December 27, 2017
Categories: Mental Health


By Herald-Whig Staff

Marion County is considering becoming part of a national initiative to reduce the number of people with mental illnesses in U.S. jail, who pose no safety risk.

The Stepping Up program was launched in May 2015 and is sponsored by the Council of State Governments Justice Center, the National Association of Counties and the American Psychiatric Association Foundation.

The organization estimates that 2 million people with serious mental illnesses who do not threaten public safety are imprisoned across the nation each year, and nearly three-quarters of them also have drug and alcohol problems. Moreover, it says inmates with mental illnesses tend to stay in jail longer and are at a higher risk of returning once released than those unaffected by an illness, continually recycling through the overburdened criminal justice system.

The focus of the Stepping Up program is to improve coordination between criminal justice, mental health, substance use treatment and other agencies on the local level to enable those in jail or prison with mental illness to get the treatment or medications they need to lead productive lives.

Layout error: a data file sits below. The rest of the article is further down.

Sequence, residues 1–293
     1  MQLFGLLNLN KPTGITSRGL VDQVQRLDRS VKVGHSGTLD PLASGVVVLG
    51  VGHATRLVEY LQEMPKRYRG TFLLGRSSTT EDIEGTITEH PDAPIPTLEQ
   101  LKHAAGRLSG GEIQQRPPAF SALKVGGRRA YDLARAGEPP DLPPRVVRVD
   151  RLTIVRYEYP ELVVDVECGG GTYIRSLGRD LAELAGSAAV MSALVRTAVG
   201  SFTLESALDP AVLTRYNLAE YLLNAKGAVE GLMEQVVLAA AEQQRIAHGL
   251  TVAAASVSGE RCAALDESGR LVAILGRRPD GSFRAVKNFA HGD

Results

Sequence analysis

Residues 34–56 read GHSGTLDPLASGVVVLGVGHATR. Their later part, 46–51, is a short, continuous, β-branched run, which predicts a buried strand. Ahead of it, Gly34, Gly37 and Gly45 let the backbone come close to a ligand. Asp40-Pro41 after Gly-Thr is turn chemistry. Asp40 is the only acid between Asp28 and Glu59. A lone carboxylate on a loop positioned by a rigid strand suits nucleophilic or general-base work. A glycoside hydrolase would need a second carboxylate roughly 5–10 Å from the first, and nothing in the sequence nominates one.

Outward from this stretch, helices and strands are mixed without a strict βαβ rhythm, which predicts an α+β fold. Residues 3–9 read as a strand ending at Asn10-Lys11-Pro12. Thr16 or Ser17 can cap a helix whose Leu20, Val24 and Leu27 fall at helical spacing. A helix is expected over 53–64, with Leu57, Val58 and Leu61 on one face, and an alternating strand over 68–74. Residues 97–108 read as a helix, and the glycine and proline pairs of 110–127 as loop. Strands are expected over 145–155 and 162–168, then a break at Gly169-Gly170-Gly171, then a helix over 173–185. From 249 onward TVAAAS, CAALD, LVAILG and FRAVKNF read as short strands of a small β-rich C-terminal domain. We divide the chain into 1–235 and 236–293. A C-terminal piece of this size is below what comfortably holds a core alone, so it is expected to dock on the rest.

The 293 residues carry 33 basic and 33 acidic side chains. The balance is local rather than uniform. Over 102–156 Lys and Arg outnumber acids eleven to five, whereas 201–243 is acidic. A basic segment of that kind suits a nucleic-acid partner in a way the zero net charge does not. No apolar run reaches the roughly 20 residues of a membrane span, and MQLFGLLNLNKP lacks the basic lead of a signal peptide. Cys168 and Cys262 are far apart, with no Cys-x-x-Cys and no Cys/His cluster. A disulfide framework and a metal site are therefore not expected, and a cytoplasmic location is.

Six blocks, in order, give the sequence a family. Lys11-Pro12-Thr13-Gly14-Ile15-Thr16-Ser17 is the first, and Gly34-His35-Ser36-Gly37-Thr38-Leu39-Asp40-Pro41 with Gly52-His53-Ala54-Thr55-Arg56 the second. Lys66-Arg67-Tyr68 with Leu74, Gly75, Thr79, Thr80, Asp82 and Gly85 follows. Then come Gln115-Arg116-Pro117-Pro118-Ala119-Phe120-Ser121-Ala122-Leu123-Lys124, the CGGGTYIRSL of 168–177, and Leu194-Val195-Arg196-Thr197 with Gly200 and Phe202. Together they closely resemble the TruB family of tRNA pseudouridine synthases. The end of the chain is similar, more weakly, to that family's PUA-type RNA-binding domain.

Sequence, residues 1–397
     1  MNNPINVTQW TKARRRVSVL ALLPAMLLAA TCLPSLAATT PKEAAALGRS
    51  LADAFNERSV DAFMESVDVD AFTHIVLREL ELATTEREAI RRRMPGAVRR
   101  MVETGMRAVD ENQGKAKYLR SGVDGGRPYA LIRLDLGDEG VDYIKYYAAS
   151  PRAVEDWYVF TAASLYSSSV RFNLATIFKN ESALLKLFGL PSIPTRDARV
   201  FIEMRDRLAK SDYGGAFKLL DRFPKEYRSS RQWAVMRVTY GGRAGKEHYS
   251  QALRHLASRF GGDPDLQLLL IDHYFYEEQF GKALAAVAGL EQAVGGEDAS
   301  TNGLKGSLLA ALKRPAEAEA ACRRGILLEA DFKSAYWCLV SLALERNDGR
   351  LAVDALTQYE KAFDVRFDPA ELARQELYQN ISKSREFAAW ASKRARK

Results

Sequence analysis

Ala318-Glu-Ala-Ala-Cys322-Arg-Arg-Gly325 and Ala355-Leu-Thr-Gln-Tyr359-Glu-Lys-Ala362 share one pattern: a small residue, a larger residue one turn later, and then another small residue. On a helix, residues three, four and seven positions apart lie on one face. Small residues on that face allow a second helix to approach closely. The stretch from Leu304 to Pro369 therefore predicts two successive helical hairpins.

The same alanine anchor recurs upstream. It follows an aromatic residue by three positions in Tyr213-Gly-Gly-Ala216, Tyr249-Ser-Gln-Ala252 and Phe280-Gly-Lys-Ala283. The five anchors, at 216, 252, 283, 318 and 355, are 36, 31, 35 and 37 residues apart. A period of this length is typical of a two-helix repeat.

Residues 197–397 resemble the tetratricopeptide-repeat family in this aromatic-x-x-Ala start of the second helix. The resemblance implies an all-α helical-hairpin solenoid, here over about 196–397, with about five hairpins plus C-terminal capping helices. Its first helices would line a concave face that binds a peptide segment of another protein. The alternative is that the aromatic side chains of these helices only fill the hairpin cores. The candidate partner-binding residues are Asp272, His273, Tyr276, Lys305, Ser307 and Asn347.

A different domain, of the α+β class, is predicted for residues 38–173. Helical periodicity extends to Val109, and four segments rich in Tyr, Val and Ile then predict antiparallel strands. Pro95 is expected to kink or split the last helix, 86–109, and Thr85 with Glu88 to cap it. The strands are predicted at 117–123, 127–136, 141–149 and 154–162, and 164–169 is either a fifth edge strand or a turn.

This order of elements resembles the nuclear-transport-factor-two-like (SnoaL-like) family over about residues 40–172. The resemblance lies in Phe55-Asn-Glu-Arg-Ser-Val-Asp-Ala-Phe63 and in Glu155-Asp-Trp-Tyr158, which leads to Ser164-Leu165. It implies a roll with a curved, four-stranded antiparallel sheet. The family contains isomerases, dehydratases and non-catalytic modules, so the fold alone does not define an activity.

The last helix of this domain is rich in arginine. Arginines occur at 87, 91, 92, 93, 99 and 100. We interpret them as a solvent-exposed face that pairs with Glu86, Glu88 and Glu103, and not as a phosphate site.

The concept has merit and is growing nationally.

The Council of State Governments Justice Center reported earlier this year that more than 365 counties–representing 36 percent of the U.S. population–have passed resolutions to join the initiative. Three of those are in Missouri — Boone, Pettis and Audrain counties.

In a presentation last week to the Marion County Commission, Boone County Commissioner Janet Thompson pointed out that people with mental illness often end up being incarcerated because many states, including Missouri, have closed mental health facilities for budgetary reasons.

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Source: JusticeCenter